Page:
As I write this, it is Sunday afternoon and my eyelids feel as though they weigh about 150 pounds each. My eyes are dry, red, and tired, and as I stare at my computer screen my internal dialogue is a constant battle between keeping my commitments (this blog post, some grocery shopping and my ever mounting pile of laundry) and simply taking a nap that will hopefully roll into bedtime and then into tomorrow morning. With full-time work and school, I have a very full week between Monday and Saturday, which is why how I spend my Sunday afternoons are crucial to the week ahead. Even though this chaotic schedule is only for an appointed time and will soon be at an end, I find myself echoing the words of Solomon in Ecclesiastes 1, “What do people gain from all their labours at which they toil under the sun?”
It is very easy for me to get caught up in the overwhelming busyness of how my life is going. Sometimes it’s all I see. An endless collection of long hours and short days stretched out on the horizon, my never ending schedule of clients and exams punctuated by my one afternoon off on a week. In the midst of this very unbalanced life, things I once enjoyed have fallen by the wayside: dinner dates with friends, small group, hiking, visiting the aquarium. Often the only way for me to connect with friends and the things that bring me joy has been the few minutes I have in my day to stalk Facebook and scroll Instagram.
While I understand the dangers of looking at other people’s lives through the lens of social media and the undue pressure we as Christians put on ourselves to keep our social media habits in check, sometimes it has been the only way of connecting with and celebrating those I deeply cherish. Social media has often been a porthole to the world outside of my prison of haircuts and haircolour. I have appreciated it and been tremendously grateful for it.
Instagram provides small snapshots of the broad world in which God is working, allowing us to trace faint lines of His redemption and hear whispers of His majesty and glory.
Instagram is one of my favourite social media platforms. I’m a visual person, which is probably why I enjoy this photo-based platform. It allows me to access large amounts of information very quickly; it is a real-time look into the lives of my friends and family. It is simple, streamlined and allows its content to be shared easily without the bells and whistles that sometimes distract. Generally, my Instagram feed is a happy place, void of political messages, hateful comments, passive-aggressive status updates and the ever growing phenomenon of “vaguebooking”. I follow friends, family, photographers (Peter Lik will wow you), hairdressers, puppies, and farm animals (Esther the Wonder Pig will brighten your day and steal your heart). All of these things bring me joy and re-orient my tired heart back to inspiration, expectation and gratitude.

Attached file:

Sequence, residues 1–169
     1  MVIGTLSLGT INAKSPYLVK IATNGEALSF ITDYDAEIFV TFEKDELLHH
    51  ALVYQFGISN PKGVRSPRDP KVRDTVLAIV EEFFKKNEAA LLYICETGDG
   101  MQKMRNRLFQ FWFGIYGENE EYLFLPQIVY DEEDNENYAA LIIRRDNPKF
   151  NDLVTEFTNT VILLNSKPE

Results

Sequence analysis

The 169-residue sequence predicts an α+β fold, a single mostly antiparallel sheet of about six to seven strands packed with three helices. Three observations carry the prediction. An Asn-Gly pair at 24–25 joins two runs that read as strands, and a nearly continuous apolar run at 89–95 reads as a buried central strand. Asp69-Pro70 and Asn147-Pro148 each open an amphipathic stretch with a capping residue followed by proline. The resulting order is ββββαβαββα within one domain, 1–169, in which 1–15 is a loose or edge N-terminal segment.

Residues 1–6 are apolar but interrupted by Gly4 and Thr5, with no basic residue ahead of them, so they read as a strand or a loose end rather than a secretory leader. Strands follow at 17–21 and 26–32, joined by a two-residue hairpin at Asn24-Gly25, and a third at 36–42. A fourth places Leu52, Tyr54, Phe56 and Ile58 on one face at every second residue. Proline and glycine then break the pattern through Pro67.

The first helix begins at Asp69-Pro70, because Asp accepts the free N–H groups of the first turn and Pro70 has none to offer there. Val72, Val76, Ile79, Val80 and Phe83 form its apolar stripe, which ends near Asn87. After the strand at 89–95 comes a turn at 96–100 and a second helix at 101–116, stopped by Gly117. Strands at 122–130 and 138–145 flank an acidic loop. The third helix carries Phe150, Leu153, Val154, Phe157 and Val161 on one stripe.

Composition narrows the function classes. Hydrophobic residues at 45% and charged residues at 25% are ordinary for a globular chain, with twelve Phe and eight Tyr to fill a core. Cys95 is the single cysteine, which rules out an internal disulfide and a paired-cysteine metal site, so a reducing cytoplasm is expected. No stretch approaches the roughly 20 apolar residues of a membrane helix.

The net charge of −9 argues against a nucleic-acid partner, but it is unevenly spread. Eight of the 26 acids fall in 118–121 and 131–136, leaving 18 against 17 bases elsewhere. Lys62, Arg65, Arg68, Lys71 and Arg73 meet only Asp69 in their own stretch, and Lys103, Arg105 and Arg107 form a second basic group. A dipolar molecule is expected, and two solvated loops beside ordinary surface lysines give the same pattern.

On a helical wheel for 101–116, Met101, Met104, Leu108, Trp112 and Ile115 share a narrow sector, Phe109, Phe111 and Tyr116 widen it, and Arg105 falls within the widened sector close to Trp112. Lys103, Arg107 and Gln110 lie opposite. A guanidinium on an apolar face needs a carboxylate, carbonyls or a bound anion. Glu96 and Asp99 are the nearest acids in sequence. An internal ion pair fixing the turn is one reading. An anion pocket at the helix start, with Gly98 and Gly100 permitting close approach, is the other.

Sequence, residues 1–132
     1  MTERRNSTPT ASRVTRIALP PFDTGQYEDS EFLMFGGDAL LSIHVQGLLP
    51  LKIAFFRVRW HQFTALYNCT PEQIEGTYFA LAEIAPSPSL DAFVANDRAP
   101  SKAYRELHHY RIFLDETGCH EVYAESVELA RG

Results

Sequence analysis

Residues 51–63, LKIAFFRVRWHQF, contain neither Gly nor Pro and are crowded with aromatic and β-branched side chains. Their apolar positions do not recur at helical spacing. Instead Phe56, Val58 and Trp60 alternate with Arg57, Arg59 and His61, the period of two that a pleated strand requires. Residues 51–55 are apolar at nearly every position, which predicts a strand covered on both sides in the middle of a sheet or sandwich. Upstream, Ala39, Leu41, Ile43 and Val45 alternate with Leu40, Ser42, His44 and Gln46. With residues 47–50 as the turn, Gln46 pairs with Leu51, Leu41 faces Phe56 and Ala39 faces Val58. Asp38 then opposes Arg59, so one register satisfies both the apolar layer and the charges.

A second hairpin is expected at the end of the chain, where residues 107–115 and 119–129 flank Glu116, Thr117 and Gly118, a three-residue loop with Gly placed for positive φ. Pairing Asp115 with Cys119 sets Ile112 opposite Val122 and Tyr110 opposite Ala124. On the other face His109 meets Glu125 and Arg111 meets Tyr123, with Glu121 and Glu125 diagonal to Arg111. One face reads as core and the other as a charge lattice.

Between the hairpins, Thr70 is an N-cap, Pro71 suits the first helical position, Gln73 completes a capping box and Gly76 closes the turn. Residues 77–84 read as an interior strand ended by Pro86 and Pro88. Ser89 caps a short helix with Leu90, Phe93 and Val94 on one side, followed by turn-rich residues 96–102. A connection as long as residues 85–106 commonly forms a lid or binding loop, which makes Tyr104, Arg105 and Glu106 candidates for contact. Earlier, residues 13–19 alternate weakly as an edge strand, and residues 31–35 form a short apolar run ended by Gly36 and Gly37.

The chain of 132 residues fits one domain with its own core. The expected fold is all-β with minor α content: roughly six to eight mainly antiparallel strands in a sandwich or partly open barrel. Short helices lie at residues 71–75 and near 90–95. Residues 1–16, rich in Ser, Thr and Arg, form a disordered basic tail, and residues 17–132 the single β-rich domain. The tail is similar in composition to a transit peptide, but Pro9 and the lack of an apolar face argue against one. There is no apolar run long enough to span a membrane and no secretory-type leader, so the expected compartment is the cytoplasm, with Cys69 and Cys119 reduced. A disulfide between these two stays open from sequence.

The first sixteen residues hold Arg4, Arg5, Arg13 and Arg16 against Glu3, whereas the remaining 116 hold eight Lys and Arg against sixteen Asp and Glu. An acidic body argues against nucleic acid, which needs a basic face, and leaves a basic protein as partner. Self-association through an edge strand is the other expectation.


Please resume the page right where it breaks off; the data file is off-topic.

It’s easy to think that what lies in front of us is all that life has to offer. I am not the only person who feels this way. It feels as though with every passing weekday our heads get heavier and our vision tunnels until all we see is the drudgery of everyday life. For me, it is triangular graduation and layer placement foils (insert defeated sigh here), for you it could be screaming, teething children, or papers on systematic theology, or even dealing with the grittiness of addiction in a client or a loved one. But the beauty of social media is that it can remind us that there can be more to our rhythms than just slogging through.
Looking at a photo of a sunset reminds me that God is still at work even when I can’t see Him. It reminds me that His work is bigger and more beautiful than the task in front of me. Looking at photos of my friend’s babies growing up reassures me that God is delivering on promises made long ago and that He still cherishes life and delights in us. Looking at photos of farm animals and those who have sought to heal and rehabilitate them reminds me that God is constantly redeeming this world and how His plans for us include peace and community. Instagram reminds me that I am small, that my problems are small, and that my anxieties are small in the face of who God is and how He is weaving incredible stories though all of us. It reminds me of a few chapters in the book of Job when God asks Job where he was and what he was doing when He created the earth, set the stars in the sky and unleashed the power of the sea.
Instagram has helped me remember to lift my head from the daily grind of my work week and to expect that God is working in me and through me. It has reminded me that there is freedom in my busyness because God delights to see me do something I love and dances with joy when His kingdom is proclaimed in the way I interact with colleagues and clients. I am reminded to be grateful when I can see beyond the endless appointments and long work days. Instagram provides small snapshots of the broad world in which God is working, allowing us to trace faint lines of His redemption and hear whispers of His majesty and glory. It can remind us that the world does not rely solely on us and our efforts. It can encourage us to seek out His beauty and to slow down just a little to enjoy the bursts of light and hope in the middle of our constant running and playing catch up.